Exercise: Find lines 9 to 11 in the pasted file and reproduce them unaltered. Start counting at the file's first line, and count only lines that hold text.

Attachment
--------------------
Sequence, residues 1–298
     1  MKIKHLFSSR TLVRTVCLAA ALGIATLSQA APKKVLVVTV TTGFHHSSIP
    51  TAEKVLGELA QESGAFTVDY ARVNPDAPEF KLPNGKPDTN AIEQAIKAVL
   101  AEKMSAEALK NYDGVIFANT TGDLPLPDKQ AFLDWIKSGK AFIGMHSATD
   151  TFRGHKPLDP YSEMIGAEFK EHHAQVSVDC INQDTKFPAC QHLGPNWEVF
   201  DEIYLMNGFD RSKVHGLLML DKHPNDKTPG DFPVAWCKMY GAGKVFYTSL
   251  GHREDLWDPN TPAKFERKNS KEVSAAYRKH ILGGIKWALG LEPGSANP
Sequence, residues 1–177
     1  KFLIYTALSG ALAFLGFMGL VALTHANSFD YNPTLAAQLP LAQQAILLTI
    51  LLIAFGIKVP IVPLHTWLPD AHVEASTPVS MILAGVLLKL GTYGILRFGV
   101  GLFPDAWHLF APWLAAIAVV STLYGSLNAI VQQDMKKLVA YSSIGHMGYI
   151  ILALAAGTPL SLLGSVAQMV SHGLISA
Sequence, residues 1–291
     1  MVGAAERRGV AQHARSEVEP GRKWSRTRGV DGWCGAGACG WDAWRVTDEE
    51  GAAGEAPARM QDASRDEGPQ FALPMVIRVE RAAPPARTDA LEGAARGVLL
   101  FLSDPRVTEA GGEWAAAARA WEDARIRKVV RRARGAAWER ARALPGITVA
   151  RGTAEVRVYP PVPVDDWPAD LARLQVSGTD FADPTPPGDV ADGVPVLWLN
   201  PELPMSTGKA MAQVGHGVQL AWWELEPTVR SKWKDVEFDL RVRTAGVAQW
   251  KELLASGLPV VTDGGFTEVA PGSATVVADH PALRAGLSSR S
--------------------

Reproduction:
     1  KFLIYTALSG ALAFLGFMGL VALTHANSFD YNPTLAAQLP LAQQAILLTI
    51  LLIAFGIKVP IVPLHTWLPD AHVEASTPVS MILAGVLLKL GTYGILRFGV
   101  GLFPDAWHLF APWLAAIAVV STLYGSLNAI VQQDMKKLVA YSSIGHMGYI